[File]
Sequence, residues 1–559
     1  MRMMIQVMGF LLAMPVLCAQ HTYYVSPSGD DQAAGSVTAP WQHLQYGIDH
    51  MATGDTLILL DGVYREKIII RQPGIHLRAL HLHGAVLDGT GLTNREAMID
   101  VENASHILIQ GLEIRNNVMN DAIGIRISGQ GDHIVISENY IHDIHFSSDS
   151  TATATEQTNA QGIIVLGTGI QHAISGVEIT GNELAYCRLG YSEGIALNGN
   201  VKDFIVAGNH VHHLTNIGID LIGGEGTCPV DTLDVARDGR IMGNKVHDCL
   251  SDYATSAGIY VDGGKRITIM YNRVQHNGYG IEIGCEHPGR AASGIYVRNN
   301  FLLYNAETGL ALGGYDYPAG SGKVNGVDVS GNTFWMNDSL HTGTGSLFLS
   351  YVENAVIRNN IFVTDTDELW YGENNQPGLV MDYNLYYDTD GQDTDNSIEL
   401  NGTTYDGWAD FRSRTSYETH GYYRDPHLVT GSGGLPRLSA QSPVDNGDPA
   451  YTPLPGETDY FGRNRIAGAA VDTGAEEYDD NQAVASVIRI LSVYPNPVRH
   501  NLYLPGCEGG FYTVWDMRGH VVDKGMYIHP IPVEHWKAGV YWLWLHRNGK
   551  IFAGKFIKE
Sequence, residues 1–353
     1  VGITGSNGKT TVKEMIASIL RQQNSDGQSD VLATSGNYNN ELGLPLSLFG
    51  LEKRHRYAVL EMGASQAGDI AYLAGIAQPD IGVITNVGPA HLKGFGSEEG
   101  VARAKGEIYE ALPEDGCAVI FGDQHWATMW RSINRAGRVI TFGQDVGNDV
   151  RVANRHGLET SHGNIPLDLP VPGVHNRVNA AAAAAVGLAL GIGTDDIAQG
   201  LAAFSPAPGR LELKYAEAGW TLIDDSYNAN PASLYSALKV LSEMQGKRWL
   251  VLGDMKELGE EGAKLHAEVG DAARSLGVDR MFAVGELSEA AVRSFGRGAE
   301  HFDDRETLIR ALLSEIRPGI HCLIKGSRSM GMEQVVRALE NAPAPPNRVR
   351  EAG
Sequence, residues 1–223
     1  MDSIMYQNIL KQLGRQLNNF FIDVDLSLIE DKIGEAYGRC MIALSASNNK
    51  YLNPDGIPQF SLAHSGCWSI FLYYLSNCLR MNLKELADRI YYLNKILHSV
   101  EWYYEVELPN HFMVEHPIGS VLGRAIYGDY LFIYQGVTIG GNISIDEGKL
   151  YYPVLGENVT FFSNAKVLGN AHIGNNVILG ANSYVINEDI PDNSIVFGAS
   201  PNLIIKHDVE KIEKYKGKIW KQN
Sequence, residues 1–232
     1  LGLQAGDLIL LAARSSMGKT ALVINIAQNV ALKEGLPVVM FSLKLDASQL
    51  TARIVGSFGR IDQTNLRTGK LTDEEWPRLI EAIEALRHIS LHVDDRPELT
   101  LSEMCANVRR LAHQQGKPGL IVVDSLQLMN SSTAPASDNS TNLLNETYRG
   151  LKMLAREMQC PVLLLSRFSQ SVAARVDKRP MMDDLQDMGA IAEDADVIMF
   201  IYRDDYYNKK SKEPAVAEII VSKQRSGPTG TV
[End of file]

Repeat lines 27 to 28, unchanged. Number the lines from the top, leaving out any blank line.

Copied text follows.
   151  YYPVLGENVT FFSNAKVLGN AHIGNNVILG ANSYVINEDI PDNSIVFGAS
   201  PNLIIKHDVE KIEKYKGKIW KQN